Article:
# Exercise 6.3.N. on Ravi Vakil's notes (on morphism from $S$ scheme to $\mathbb{P}_B^n$)

I am working on Exercise 6.3.N. on Ravi Vakil's notes (on morphism from $$S$$ scheme to $$\mathbb{P}_B^n$$) and I would like some assistance. The exercise states: Let $$B$$ be a ring. If $$X$$ is a $$B$$-scheme, and $$f_0, ..., f_n$$ are $$n+1$$ functions on $$X$$ with no common zeros, then show that $$[f_0, ..., f_n]$$ gives a morphism of $$B$$-schemes $$X \rightarrow \mathbb{P}_B^n$$.

I would appreciate any hint, comments, etc. Thank you very much!

Edit (Not by OP) (10/06/2021). In the 2017 version of the notes, this is exercise 6.3.M.

• Now in the 2022 Aug version, it's exercise 7.3.O Dec 16, 2022 at 3:15

If I denote the homogeneous coordinates on $\mathbf{P}^n_B$ by $x_0, \dots, x_n$ then $X_{f_i}$ should map into the affine open $D(x_i) \subset \mathbf{P}^n_B$. To specify this restriction you just need to give a $B$-homomorphism $B[x_0/x_i, \dots, x_n/x_i] \to \Gamma(X_{f_i}, \mathscr{O}_X)$. What's the right formula? Then check that these agree on overlaps.

• What does the notation $X_{f_i}$ mean here? Thank you!
– Oga
Apr 5, 2015 at 21:31
• @Oga The open set of points where $f_i$ does not vanish, in the sense that its image in the residue field is not zero. I'm sure he defines something like this at some point.
– Hoot
Apr 6, 2015 at 2:15
• Thank you for the answer. I figured it is the map that sends $x_l/x_i to f_l |_{X_{f_i}}$. Could you possibly explain me why the morphisms $[f_0, ..., f_n]$ and $[gf_0, ..., gf_n]$ to $\mathbb{P}_B^n$ are the same, if $g$ does not vanish anywhere on $X$? This is part b of the question. I can see that the map of topological spaces are the same, but they seem to have (a slightly) different maps of sheaves... Thank you!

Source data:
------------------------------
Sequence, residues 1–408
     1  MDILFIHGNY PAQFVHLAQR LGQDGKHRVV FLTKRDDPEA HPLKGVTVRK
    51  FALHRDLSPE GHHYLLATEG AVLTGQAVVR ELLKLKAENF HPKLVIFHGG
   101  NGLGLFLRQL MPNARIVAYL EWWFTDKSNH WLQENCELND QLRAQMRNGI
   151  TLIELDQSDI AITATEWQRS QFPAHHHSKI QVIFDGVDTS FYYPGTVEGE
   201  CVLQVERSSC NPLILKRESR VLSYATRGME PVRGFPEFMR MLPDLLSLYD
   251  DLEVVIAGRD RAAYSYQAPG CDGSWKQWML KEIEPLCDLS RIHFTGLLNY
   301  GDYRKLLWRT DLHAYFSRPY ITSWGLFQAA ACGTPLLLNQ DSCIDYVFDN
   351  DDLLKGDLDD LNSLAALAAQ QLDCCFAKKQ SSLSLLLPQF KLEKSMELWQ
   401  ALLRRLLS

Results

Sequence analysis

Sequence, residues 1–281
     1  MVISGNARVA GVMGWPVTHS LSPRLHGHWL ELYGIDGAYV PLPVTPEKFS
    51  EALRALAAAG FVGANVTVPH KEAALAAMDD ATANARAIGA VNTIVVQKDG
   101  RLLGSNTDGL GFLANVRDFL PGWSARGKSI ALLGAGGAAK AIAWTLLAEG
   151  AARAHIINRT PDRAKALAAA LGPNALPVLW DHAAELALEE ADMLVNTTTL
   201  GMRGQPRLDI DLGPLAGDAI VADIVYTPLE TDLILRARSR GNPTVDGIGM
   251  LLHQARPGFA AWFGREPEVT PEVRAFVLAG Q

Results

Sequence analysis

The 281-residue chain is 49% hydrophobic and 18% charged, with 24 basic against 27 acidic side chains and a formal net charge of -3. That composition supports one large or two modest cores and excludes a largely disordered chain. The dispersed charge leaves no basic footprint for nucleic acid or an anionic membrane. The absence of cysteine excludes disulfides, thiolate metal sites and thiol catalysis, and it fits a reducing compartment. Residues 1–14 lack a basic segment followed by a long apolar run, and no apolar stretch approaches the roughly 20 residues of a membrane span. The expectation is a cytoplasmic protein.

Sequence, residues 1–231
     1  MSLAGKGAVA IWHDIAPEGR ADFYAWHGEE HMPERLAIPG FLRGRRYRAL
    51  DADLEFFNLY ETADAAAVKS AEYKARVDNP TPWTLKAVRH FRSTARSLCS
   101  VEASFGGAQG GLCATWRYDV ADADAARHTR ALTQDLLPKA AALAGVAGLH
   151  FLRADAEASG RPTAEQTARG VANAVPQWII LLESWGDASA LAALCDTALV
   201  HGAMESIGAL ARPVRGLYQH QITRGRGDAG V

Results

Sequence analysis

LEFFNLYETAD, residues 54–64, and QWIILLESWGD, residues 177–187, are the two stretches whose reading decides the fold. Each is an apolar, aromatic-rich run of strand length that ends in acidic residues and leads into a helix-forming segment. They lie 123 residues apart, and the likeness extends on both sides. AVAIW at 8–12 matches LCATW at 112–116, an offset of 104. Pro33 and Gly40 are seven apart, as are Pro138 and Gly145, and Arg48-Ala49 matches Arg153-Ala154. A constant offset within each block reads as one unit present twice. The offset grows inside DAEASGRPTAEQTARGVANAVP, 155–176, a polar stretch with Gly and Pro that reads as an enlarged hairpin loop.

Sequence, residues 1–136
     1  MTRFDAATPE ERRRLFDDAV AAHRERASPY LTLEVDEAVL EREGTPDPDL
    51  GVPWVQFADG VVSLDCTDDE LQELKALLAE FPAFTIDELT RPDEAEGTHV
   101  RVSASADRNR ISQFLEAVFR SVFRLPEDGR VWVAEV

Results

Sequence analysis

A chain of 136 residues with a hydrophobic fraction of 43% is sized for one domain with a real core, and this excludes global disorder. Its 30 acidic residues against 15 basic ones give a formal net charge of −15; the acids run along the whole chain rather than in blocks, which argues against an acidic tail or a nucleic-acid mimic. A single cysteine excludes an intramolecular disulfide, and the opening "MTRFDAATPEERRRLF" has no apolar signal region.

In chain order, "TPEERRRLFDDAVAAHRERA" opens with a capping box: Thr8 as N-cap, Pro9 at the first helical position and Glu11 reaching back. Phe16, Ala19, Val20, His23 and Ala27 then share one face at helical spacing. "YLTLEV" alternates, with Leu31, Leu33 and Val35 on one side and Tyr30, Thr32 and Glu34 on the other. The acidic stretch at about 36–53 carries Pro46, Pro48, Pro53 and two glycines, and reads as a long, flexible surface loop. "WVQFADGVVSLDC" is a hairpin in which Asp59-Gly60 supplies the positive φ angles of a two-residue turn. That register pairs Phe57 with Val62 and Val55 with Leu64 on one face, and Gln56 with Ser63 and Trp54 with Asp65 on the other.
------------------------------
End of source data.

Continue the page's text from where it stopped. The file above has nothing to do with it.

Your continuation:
– Oga
Apr 8, 2015 at 18:51
• @Oga I should have included more of an indication of what's going on. I think you want to send $x_l/x_i$ to $f_l/f_i$. This should make part (b) more obvious!
– Hoot
Apr 9, 2015 at 3:35
• oops, I guess I had a wrong map! Thank you for the clarification!
– Oga
Apr 9, 2015 at 20:34

I would suggest another solution. We have done most of the gluing work already in what is now (December 2022 version) exercise 7.3.F. There we construct a natural map $$\mathbb{A}_B^{n+1} \setminus \{0\} \to \mathbb{P}_B^n$$. (Technically we've only done it for fields $$k$$, but the construction of course works generally for rings $$B$$.) Hence it suffices to produce morphism $$X \to \mathbb{A}_B^n \setminus \{0\}$$, which also more or less directly solves subtask (b). But this is easily constructed: A morphism $$\varphi: X \to \mathbb{A}_B^n$$ is induced by the ring morphism \begin{align} B[x_0,...,x_n] &\to \Gamma(X,\mathcal{O}_X) \\ x_i &\mapsto f_i \end{align} and we are left to show that this morphism doesn't hit $$0 \in \mathbb{A}_B^n$$. Note that the pullback of the function $$x_i \in \Gamma(\mathbb{A}_B^n, \mathcal{O}_{\mathbb{A}_B^n})$$ is $$f_i \in \Gamma(X,\mathcal{O}_X)$$. Since we have a morphism of locally ringed spaces, $$x_i$$ vanishing at $$p \in \mathbb{A}_B^n$$ implies $$f_i$$ vanishes at all $$q \in \varphi^{-1}(p) \subseteq X$$. But at $$0 \in \mathbb{A}_B^n$$, all $$x_i$$ vanish. Thus all $$f_i$$ vanish at all $$q \in \varphi^{-1}(0)$$. By assumption such a point $$q$$ can't exist, showing that $$\operatorname{im} \varphi \subseteq \mathbb{A}_B^n \setminus \{0\}$$.